Wednesday, February 10, 2010
Do Your Body Good
Learn how dietary supplements can make you healthier and happier! By Kaye Langit-Luistro
Chances are, you have taken several vitamin supplements since childhood. Your parents have probably explained to you that those pills help you fight diseases and make you grow faster, right? How many vitamins are you familiar with? Do you know that there are actually thirteen vitamins classified according to their ability to be absorbed in fat or water? Vitamins A,D,E are called fat-soluble vitamins because they perform best when taken with fat-containing foods. On the other hand, the eight B vitamins and vitamin C are called water soluble vitamins because they cannot be stored in the body's fat.
But which vitamin and mineral should you take as supplements? Medical experts “have whittled down more that twenty-five essential vitamins and minerals to only nine key nutrients you need to zero in on,” writes the editors of Prevention magazine in its February 1997 edition, because they’re likely to come up short in our diets. Check out the back label of your multivitamin (multi) for its Daily Value (DV), the old name for Recommended Daily Allowance or RDA—referring to amounts of vitamins and minerals that should be taken daily.
Iron. Do you know that women who are still getting their monthly period need at least 18 milligrams (mg.) of iron daily? While adult men and women who have stopped having their period (menopausal women) only need between 0 and 9 mg. Research shows that “excess iron raises risks of heart disease and colon cancer, that is why experts now advise men and menopausal women to look for supplements with no or low iron,” according to the February 1997 edition of Prevention Magazine.
Vitamin A or Beta-carotene. Make sure that your “multi” has 5,000 international units (I.U.), which is 100% DV. Remember: It’s dangerous to take more than 10,000 I.U. If taken properly, people who take supplements and whose diets are rich in beta-carotene have lower chances of getting heart disease and cancer.
Vitamin D. Do you know that our bodies can create vitamin D from proper sun exposure? Just limit your intake to 800 I.U. a day from supplements and foods, like cereals and milk, nothing more.
Vitamin B6. You only need 2 mg., and you’re done for the day! Studies show that people with low intake of Vitamin B6 have higher risks of heart attack and poorer immune system, especially among the elderly.
Folic Acid or folate. Search for 400 micrograms or 0.4 mg in any multi because this is everything your body needs daily. Folic acid is amazing because when pregnant women take it, they give birth to fewer babies with serious brain and spine defects. And it even lowers risks of heart disease and colon cancer when taken regularly.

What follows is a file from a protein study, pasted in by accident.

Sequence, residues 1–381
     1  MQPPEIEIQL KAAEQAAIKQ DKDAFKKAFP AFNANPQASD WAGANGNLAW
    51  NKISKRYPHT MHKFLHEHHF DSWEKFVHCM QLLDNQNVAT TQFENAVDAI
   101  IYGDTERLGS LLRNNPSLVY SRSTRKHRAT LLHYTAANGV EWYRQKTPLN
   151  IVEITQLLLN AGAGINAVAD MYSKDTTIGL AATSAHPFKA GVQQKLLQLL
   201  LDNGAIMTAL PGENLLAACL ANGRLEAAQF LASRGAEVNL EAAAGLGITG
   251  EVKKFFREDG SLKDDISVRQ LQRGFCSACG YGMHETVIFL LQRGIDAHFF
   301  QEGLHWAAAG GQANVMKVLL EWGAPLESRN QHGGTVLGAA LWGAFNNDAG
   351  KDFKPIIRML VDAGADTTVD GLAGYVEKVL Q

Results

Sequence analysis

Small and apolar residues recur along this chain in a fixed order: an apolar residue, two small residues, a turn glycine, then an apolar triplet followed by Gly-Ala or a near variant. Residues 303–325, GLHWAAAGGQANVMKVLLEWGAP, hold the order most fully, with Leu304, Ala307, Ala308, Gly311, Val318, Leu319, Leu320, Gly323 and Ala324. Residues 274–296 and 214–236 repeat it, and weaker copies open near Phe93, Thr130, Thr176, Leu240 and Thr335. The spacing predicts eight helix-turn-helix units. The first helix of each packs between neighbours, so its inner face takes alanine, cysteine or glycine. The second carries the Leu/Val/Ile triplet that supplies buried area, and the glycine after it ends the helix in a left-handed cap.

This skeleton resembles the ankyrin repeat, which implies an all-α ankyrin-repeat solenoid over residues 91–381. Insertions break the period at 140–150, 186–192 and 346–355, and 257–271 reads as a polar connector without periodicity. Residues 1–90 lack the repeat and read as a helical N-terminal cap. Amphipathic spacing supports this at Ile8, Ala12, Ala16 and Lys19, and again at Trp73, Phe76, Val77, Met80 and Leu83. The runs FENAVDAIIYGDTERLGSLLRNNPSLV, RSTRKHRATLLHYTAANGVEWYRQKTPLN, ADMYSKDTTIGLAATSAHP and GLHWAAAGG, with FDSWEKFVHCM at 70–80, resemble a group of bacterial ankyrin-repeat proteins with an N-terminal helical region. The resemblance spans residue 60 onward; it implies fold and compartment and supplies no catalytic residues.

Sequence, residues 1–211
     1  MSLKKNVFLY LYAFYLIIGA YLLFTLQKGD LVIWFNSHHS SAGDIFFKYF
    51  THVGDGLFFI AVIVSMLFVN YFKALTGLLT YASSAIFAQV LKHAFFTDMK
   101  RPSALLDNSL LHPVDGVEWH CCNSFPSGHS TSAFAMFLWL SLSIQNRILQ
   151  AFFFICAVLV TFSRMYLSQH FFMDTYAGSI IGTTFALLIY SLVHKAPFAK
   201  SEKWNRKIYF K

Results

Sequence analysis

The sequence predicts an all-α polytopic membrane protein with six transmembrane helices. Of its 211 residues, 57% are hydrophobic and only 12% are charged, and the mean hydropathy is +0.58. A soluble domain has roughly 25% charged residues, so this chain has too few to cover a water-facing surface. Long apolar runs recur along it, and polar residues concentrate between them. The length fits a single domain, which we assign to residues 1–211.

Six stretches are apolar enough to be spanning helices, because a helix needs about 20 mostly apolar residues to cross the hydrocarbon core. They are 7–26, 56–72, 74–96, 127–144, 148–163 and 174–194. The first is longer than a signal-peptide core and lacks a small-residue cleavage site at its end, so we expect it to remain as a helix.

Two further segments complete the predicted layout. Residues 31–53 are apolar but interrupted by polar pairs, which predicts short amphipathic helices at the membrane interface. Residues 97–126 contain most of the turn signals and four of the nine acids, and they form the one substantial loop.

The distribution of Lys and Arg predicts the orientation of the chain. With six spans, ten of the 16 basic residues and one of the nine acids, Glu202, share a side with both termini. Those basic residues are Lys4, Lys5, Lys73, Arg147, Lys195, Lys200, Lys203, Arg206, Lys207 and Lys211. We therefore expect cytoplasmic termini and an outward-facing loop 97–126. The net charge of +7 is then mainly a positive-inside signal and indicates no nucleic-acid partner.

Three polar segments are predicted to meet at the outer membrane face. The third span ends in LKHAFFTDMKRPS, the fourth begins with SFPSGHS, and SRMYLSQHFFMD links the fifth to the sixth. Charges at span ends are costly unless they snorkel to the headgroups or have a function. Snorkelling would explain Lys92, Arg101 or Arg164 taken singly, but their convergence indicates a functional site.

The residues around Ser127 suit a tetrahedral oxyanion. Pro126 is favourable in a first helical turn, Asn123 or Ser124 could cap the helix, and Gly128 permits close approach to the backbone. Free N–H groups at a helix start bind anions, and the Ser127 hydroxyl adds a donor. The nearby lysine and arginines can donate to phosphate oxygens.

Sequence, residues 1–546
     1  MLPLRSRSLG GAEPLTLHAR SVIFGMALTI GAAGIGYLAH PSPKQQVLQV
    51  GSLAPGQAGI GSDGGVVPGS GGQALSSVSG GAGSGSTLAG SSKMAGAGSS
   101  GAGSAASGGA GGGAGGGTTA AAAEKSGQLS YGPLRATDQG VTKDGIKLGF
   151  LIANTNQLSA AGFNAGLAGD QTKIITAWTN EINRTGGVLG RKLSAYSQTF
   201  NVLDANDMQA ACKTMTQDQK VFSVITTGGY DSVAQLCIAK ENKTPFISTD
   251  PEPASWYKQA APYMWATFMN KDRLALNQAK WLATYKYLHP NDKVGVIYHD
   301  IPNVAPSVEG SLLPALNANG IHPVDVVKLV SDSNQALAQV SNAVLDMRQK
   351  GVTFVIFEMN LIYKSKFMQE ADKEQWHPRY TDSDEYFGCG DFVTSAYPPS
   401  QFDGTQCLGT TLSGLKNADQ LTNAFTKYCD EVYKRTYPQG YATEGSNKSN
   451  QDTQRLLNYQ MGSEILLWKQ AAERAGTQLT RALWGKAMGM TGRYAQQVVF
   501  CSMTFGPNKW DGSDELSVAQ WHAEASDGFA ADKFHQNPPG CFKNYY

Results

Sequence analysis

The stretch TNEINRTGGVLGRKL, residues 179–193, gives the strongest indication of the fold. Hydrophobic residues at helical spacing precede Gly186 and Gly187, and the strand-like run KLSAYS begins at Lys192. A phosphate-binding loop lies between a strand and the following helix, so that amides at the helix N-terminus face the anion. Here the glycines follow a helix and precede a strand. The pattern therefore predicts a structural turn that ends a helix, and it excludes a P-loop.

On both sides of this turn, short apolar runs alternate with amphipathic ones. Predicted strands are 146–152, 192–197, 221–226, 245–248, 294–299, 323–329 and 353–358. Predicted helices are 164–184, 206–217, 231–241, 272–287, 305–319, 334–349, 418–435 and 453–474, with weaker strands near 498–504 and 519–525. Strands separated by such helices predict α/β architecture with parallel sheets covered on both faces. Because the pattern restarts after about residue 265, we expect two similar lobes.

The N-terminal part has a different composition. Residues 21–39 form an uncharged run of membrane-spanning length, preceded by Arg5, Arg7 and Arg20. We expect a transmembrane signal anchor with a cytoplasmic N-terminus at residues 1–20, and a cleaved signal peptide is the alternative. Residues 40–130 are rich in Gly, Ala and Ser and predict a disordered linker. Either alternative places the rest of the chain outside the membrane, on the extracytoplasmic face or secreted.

Magnesium. A 100 mg. DV may even prevent diabetes, osteoporosis, hypertension and migraine headaches. But if taken in excess, magnesium may lead to diarrhea.
Zinc. Studies show that if you take 15 mg. a day, your immune system and wound healing get better in time. But too much zinc may lower your good cholesterol, so ease up!
Copper. Take 2 mg. daily to keep your bone, heart healthy, and regulate blood sugar and iron absorption.
Chromium. You need between 50 and 200 mcg daily to handle blood sugar and risks of acquiring adult-onset diabetes.
These are the usual vitamins and minerals present in any multi, just varying in Daily Value. But there are three important nutrients that are insufficient in “multis,” so they should be taken in single supplements, according to the experts.
Vitamin C. To help fight colds and cough, you need to take between 200 and 500 milligrams a day.
Vitamin E. Your body can’t tell the difference between synthetic and natural vitamin E, as long as you take between 100 and 400 I.U. daily.
Calcium. Make sure you take between 500 and 1,000 mg. to help keep your bones healthy, and to avoid osteoporosis when you’re much older.
Most of the time, our diet does not include all the essential vitamins and minerals our body really needs on a daily basis. Supplements containing 100% DV surely help in filling in the nutritional gap, for a healthier and happier life.
When you’re shopping for the best multivitamin, check out the following:
• Expiration date.
• Ability to dissolve. Look for the letters USP on the label, because this means the supplement should dissolve inside you.
• Ability to be absorbed. It’s up to you whether to buy minerals in “chelated” or “colloidal” form, because experts say that there is no significant difference between them.
• Natural vs. synthetic. It’s your call! Either one will do you good.
• When to take with meals. Eat a small portion of fatty food when you take vitamins A,D,E, K and beta-carotene for maximum absorption. On the other hand, never take multivitamins with iron and calcium supplements at the same time. Studies show that calcium may interfere with iron absorption.
“Does Your Multivitamin pass Our Test?”, February 1997 edition of Prevention Magazine. Rodale Press, USA.
“Miracle Vitamins,” December 1998 edition of prevention Magazine. Rodale Press, USA.
"Vitamin," Microsoft(R) Encarta(R) 97 Encyclopedia. (c) 1993-1996 Microsoft Corporation. All rights reserved.
This article appeared in the 2005 edition of Buhawi Magazine, a High Reference material published by Diwa Publishing Group. Blog Gadgets